These technologies all work in the same manner. They collect your data, estimate your needs and match this information with product features to find the best pick. Easy, right? Furthermore, if they prove to be effective, you will have personalized skin care recommendations in real time for perfect skin all day every day. Personalization is the future of all products and services.
Proven’s co-founder Ming Zhao got the idea for the AI-powered beauty company after struggling to find a skin solution herself. She tried several “miracle” skin care products while working 16-hour shifts and found all of them lacking or to be ineffective altogether. It was only after she met her skin guru, who provided a personalized plan for her, that she found a solution. She recognized the need for personalized skin care services and turned to technology to provide it.
Her co-founder at Proven – Amy Yuan – is a computational physicist, who studied at Stanford. Together, the duo is building a database of skin care information using deep learning technology. Their database covers over 8 million customer reviews, 4 thousand journals, 100 thousand products and 20 thousand ingredients. Proven asks questions about user’s reaction to products, their sleep, etc., before their machine algorithms start to find the perfect solution. Zhao and Yuan even collaborated with a dermatologist to ask the right questions and offer effective solutions.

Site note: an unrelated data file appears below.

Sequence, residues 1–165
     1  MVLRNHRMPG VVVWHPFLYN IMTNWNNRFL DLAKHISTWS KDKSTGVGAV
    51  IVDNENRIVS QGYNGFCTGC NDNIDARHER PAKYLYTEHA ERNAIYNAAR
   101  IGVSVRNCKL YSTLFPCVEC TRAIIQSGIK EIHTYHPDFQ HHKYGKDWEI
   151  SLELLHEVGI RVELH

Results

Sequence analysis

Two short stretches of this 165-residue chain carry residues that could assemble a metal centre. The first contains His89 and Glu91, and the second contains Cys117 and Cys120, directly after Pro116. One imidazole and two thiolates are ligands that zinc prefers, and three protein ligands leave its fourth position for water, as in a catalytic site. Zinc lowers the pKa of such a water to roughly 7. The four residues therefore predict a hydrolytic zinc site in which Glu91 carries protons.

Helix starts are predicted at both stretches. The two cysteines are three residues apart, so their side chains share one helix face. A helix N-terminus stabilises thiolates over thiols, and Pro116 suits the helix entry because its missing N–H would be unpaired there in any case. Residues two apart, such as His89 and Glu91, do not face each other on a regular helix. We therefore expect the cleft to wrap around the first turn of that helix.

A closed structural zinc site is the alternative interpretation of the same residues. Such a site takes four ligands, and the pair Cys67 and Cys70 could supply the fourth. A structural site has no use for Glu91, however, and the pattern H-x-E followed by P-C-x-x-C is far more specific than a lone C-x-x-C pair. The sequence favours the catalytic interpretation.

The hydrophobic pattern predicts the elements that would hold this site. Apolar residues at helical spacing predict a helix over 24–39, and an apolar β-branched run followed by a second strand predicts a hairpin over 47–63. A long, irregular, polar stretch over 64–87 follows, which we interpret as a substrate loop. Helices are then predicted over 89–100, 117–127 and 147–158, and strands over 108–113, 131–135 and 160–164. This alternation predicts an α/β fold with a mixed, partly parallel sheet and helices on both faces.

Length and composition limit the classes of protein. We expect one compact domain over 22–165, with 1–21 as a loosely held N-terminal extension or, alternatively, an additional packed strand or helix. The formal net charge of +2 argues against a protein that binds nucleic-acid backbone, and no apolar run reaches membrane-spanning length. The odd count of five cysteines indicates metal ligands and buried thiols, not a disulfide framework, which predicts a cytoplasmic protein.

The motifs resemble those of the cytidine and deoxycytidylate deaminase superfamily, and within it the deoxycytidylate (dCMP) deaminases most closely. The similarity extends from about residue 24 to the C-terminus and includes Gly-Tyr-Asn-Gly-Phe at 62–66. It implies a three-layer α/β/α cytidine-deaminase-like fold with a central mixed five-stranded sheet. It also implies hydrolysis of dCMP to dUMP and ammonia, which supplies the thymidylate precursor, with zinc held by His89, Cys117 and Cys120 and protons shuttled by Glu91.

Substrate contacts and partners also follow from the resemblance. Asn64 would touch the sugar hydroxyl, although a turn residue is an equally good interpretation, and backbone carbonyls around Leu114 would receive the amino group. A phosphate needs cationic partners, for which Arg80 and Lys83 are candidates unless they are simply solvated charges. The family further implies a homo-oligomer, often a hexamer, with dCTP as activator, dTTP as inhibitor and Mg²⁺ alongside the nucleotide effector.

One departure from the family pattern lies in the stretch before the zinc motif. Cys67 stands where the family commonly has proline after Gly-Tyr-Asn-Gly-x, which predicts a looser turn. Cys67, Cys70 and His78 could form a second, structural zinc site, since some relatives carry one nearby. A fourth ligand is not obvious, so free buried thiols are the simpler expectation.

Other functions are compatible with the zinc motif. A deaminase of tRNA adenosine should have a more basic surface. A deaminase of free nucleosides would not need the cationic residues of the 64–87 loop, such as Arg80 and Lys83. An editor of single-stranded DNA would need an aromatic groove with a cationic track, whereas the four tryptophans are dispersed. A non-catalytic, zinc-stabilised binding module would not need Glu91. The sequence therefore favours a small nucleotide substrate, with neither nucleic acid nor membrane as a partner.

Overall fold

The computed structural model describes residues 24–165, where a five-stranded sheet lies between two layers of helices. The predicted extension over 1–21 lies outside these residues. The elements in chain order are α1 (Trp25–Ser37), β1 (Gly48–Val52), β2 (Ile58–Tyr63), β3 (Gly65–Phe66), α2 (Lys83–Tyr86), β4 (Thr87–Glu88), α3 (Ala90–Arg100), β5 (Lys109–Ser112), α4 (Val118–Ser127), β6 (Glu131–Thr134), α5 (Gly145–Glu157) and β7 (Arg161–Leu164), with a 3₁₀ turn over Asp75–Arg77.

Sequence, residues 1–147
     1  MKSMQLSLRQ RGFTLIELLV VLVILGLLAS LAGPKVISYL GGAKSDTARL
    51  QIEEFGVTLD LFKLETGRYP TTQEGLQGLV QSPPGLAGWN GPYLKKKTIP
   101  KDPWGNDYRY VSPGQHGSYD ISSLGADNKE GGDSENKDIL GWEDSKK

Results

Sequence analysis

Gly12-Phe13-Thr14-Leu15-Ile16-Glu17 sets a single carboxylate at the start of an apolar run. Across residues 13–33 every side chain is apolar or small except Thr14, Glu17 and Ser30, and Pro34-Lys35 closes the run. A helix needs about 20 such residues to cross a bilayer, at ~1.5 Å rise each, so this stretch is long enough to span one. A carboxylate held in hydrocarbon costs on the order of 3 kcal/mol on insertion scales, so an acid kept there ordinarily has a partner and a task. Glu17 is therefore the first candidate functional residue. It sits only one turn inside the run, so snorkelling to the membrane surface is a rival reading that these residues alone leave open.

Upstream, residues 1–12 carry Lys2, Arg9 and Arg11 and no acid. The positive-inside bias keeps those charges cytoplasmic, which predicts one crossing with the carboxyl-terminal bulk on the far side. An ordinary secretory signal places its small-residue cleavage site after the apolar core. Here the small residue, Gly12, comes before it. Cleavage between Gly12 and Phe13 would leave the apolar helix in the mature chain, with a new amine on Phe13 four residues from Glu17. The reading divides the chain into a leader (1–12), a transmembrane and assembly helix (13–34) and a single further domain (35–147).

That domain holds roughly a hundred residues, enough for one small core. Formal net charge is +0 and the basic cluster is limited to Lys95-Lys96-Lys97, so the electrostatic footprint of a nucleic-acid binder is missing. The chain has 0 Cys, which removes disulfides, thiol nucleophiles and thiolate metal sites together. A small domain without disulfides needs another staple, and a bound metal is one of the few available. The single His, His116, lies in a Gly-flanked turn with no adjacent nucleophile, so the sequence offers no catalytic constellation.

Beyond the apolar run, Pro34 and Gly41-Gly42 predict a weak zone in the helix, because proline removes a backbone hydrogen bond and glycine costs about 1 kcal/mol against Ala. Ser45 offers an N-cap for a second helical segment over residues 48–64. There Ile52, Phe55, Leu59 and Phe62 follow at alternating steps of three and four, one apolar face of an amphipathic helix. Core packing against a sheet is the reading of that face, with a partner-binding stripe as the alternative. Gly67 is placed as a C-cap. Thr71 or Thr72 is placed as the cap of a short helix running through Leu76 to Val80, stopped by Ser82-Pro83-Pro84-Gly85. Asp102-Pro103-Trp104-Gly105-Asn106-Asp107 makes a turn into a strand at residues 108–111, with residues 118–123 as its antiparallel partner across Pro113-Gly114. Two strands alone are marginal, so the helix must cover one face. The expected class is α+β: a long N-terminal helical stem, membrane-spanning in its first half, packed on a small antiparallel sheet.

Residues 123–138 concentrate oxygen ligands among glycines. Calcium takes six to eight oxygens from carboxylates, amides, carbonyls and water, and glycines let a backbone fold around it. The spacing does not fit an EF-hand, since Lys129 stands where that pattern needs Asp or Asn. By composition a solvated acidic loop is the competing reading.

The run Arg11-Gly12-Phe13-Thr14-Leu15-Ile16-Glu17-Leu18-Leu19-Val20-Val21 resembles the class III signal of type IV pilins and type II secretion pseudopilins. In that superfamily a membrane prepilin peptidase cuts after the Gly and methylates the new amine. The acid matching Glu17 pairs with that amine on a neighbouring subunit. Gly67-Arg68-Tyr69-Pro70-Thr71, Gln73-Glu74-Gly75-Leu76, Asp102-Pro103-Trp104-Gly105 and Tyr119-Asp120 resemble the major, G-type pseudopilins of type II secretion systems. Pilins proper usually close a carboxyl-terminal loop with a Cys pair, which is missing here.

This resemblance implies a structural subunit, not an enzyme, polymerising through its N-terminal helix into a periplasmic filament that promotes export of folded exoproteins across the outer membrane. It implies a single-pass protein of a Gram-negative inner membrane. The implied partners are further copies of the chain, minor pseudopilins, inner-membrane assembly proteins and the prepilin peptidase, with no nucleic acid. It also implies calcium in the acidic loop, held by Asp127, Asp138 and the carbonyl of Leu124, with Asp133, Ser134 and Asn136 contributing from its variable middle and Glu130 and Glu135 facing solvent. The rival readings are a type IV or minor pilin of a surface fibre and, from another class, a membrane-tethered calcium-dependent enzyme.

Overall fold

Good Quality Data Is Key
The main issue with skin care apps is quality of data that they collect. More often than not, it tends to be of low-quality – a blurry image, or inaccurate answer to a question. This makes it very difficult for the computer to provide an effective solution.
Consider one user’s experience. When she used her laptop camera, Olay’s skin advisor estimated the age of her skin to be 23. When she used her phone camera, the app thought her skin was 35 years old. Her actual age was 29!
Clearly, the quality of the image had a bearing on the computer’s estimate of the skin age. It’s not necessary for her skin to have the same age as her actual age, mind you. Your skin age can be different from your actual age. But the 12-year difference in the age estimates of the same skin shows the computer is highly dependent on the quality of data it receives.